A remote way of working highlights the risks associated with such an approach. A person left alone until they report difficulties with understanding the process may simply go unnoticed. We need to remember that not every employee has the strength of personality to write to strangers and ask for details of, for example, the process or product which they are working on.

Therefore, while setting up dispersed teams, it is very important to create a detailed onboarding plan, which will include not only the introduction to the organizational culture, but also knowledge of the product, tools, documentation and, importantly, co-workers.

Another important aspect is the appointment of a mentor (buddy) who will support a newcomer in the process of onboarding and integration with the team. It is worth noting at this point that taking care of a new employee takes a lot of time and energy. It is usually assumed that at the beginning, being a buddy can take up to 50% of the employee’s involvement in everyday work.

A good introduction and onboarding bring profits in the long run. Thanks to this, newly recruited remote workers may feel more involved, less frustrated, and perform their duties better. The time spent onboarding quickly pays off – the team gains a real member of the team. I would also venture to say that onboarding done right reduces employee turnover, which is confirmed by research:

“Well-onboarded employees are happy to stay with the company for longer. In turn, out of all employees who decide to leave their jobs, as many as 20% do so within their first 45 days in the new organization.”

Team mismatch

Every team lead or Scrum Master knows all too well that even perfect onboarding will not make the team integrated from the early days of cooperation. Working on team spirit is a continuous process, requiring the involvement not only of a Scrum Master but also of all remote team members.

Too many calls and unnecessary team meetings

The problem of having too many online meetings has probably affected anyone who has worked in an IT company or a large corporation. It is worth implementing some effective meeting habits:

  1. Each meeting should have a clearly defined agenda, which can be consulted by any person receiving the invitation. We can then assume that the participants of the meeting will be prepared, and the topics discussed will not be a surprise to anyone.
  2. Remember that the duration of a meeting directly impacts the involvement of its participants. We cannot require them to be focused and fully engaged during a 2-hour call. It is simply physically impossible and goes against human nature. Let the meetings be as short as possible, and importantly they should not take much longer than planned. Let us respect our own time and that of others. When organizing a longer meeting, remember to schedule regular coffee or toilet breaks. A 10-minute break will allow you to rest and gather your thoughts before continuing the conversation.
  3. Participants: yet another 20-person meeting with only 5 active members? Next time, let’s think twice about the invite list. It may turn out that not everyone needs to attend the meeting.
  4. Proper planning. Nothing annoys people as much as ad hoc calls scheduled one hour beforehand (which often turns out not to be that urgent). Respect your colleagues – organizing such meetings disrupts work and impacts the plans that each person has already arranged for that day.

Too large a team

Large teams are the scourge of any project. Not without reason, the Scrum Guide is extremely clear on this point: “The Scrum Team is small enough to remain nimble and large enough to complete significant work within a Sprint, typically 10 or fewer people. In general, we have found that smaller teams communicate better and are more productive. If Scrum Teams become too large, they should consider reorganizing into multiple cohesive Scrum Teams, each focused on the same product”.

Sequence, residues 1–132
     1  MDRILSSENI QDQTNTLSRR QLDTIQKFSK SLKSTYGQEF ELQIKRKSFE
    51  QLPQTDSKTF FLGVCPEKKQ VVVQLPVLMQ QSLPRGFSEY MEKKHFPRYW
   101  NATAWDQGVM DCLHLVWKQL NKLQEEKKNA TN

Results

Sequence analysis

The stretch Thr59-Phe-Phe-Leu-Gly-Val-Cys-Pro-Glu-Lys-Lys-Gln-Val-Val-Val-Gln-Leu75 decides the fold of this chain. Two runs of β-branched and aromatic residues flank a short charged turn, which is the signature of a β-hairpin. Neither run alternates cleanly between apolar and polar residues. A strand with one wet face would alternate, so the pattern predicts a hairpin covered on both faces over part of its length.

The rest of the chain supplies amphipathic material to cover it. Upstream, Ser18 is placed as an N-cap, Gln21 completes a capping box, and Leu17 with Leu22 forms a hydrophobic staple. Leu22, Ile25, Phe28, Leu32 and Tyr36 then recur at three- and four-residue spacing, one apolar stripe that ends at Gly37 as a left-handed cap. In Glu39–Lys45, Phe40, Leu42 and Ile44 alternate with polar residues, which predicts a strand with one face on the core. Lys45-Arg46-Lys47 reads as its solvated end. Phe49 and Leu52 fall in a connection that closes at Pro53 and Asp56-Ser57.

Why reinvent the wheel when you can learn from the mistakes you made a long time ago? Teams of more than 10 people (not only Scrum ones) have communication issues. Managing employees in such teams is far more difficult. Moreover, team members may experience the phenomenon of social loafing and many other negative aspects, for which the remedy is very often… a smaller team. Don’t be afraid to create more teams – in my experience, it is always better to have two teams of 10 people than one 20-person team.

Also read: Project team building – practical tips for Scrum teams

Understatements and communication problems

Due to the coronavirus pandemic, work in dispersed teams has become permanent, not only in the IT industry but in other industries as well, even those in which such a turn of events was hard to imagine. Despite the obvious benefits, we have to face the challenges posed by working from home.

Over the course of several discussions, many people pointed out to me that understatements and communication problems very often disrupt work and result in a feeling of confusion. When talking in person, it is easier for us to pick up the nuances of communication – mainly through body language or facial expressions.

When talking online, let’s be direct and specific to avoid difficulties. Let’s make sure that the interlocutor has a good understanding of our intentions or request. Always have your video on and make it clear that you are open to helping or providing additional explanation.

When employees are working in an international environment, mind the cultural and linguistic context. Your accent may be incomprehensible to some people. If you did not understand the interlocutor, ask for a text message. This way, it is easier to avoid unnecessary misunderstandings.

Availability

Each of us has a different style of work and communication. If we add cultural differences and simultaneous work from different places around the world, then we get some kind of explosive mixture. Before starting collaboration, remember to create a “code of cooperation” accepted by all team members.

What can be the norm for one team member can be annoying and disturbing for another. The Code of Cooperation should include:

  • the form of organizing meetings,
  • how to get in touch in case of ad hoc questions,
  • working hours (when we are available at work),
  • signaling breaks,
  • letting others know when we have to finish work early.

All of this will allow you to avoid misunderstandings and facilitate working together, despite the distance between us, as well as the varying habits and cultural contexts of different team members.

Control of remote workers